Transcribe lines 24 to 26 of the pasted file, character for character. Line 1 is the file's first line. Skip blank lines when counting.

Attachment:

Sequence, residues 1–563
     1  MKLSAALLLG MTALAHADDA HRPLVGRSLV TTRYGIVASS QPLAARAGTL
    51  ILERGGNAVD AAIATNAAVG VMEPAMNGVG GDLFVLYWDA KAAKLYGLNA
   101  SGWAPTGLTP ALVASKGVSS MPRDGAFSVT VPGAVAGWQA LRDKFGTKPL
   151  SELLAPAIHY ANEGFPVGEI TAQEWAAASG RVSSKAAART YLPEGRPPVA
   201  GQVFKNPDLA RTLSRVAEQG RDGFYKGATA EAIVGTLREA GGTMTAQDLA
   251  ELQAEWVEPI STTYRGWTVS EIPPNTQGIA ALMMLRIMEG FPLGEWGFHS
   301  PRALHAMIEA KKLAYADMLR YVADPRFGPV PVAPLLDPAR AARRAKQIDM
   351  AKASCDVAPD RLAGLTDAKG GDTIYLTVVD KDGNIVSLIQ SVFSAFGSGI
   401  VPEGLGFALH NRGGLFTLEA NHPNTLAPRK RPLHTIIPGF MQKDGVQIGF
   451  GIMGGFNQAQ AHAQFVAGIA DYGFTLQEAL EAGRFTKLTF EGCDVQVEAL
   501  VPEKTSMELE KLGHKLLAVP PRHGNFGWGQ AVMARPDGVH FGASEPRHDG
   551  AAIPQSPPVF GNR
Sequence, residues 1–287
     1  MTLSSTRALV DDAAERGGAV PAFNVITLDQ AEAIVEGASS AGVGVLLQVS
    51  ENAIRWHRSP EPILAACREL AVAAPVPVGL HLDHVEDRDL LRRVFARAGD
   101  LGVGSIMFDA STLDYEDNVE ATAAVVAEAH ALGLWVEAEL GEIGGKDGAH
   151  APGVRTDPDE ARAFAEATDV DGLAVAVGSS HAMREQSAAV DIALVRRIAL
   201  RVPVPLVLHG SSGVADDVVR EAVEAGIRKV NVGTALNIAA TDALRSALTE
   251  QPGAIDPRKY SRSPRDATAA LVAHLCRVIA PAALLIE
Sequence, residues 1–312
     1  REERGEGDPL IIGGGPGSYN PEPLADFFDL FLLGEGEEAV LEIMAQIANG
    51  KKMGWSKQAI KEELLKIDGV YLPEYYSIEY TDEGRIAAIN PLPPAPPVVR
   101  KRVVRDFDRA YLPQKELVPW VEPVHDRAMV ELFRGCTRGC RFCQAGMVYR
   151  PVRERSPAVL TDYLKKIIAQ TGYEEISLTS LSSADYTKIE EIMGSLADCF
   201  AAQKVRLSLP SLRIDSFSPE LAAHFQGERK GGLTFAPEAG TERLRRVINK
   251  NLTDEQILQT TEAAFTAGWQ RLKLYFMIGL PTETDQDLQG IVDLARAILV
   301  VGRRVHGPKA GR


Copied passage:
   101  KRVVRDFDRA YLPQKELVPW VEPVHDRAMV ELFRGCTRGC RFCQAGMVYR
   151  PVRERSPAVL TDYLKKIIAQ TGYEEISLTS LSSADYTKIE EIMGSLADCF
   201  AAQKVRLSLP SLRIDSFSPE LAAHFQGERK GGLTFAPEAG TERLRRVINK